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Uncovering the cellular decisions that lead to blood cancer

Researcher
Dr Jose Luis Sardina
Country
Research Institute
Institut de Recerca Conta la Leucemia Josep Carreras, Barcelona, Spain
Cancer types
Leukaemia
Dr Jose Luis Sardina

Aim of the research

Dr Jose Luis Sardina and his team are using a unique cell model to study the development of leukaemia – in reverse. In this way they hope to uncover the first stages of cancer development and to identify new targets for the treatment of recurring leukaemia.

Meet the scientist

Dr Jose Luis Sardina enjoys travelling, cycling and cooking, which he uses to create his favourite dishes, including Paella, black rice and fried calamari. He enjoyed reading “The Lord of the Rings” as a kid and has a similar affection for the book “One Hundred Years of Solitude”.

More about the research project

Cases of leukaemia are rising in the UK, making it a major burden to patients and the UK health system alike.  The rise in leukaemia is thought to be partly caused by an ageing population. Around 40% of new cases are diagnosed in people over the age of 75. Effective treatments are available, but unfortunately leukaemia frequently resurfaces after treatment.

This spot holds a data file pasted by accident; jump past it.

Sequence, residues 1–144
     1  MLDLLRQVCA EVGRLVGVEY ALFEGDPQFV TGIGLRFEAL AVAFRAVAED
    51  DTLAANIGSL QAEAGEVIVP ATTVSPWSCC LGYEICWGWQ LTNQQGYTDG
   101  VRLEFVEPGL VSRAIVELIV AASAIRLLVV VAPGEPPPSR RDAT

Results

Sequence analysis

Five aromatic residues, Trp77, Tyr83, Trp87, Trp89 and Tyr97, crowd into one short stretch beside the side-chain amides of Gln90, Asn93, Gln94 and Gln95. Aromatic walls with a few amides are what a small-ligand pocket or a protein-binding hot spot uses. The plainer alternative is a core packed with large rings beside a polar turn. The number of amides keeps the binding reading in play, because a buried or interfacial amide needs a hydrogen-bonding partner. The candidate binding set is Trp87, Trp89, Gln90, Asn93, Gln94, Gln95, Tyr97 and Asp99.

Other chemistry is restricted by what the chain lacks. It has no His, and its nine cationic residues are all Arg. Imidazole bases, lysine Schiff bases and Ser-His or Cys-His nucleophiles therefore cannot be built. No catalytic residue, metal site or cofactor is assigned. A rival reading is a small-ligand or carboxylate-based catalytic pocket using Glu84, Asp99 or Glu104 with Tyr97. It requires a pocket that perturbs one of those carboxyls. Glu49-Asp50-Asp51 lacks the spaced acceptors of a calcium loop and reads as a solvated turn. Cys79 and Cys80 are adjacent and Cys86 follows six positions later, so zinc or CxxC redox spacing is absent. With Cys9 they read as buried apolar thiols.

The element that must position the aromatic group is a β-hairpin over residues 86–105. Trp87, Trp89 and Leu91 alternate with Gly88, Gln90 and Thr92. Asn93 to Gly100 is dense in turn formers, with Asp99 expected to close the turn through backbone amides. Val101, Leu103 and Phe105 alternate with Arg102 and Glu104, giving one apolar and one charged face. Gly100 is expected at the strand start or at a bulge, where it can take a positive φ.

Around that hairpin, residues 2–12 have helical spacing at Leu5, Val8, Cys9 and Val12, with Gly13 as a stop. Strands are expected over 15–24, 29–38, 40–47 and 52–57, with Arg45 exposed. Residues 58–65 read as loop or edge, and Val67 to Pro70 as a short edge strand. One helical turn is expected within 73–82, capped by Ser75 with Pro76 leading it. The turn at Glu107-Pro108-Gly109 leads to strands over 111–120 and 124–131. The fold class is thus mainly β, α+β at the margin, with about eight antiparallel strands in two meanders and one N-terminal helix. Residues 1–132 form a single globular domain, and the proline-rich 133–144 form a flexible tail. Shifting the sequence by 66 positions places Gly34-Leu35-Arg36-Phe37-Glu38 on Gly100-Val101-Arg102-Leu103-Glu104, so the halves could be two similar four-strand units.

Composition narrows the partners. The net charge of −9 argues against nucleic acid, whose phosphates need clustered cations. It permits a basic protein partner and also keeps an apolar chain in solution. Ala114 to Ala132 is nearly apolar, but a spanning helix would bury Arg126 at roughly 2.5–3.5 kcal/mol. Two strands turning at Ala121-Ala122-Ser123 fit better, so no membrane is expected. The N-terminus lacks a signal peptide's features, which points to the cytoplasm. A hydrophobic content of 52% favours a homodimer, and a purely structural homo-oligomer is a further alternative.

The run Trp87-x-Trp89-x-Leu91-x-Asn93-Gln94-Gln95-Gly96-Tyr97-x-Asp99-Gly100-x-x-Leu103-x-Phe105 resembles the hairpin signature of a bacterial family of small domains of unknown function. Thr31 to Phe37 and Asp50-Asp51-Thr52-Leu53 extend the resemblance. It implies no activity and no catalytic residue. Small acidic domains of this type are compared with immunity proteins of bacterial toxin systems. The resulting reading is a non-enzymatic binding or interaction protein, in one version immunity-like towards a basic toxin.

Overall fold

Blood cells are created in the bone marrow, where they mature from blood stem cells into different types of cells. Which type of cell develops depends on small changes to the chemistry of DNA. These changes instruct cells how to behave and are essential for the creation of different types of blood cells. In some cases, the editing mechanisms fail, leading to abnormal cell development and leukaemia.

Dr Jose Luis Sardina and his team are trying to understand the causes and impacts of these failures in cancer development. They are using unique cells to study how leukaemia develops – in reverse. In this way they hope to unveil the very first events that ultimately lead to leukaemia. Dr Sardina hopes that results from this study might shed light on potential new targets for the treatment of leukaemia.

Dr Toni Celia-Terrassa and his team are now studying this peer pressure effect in cell populations. They use a colouring technique which allows them to watch how EMT spreads from cell to cell - like a game of dominoes. Dr Celia-Terrassa hopes that by understanding EMT, researchers might be able to stop the domino effect and thereby the spread of cancer.

The funds from the worldwide cancer research are essential both for me and for my lab since I am in an early career stage. These funds represent the petrol that I need to switch on and maintain the engine of the lab over the coming years.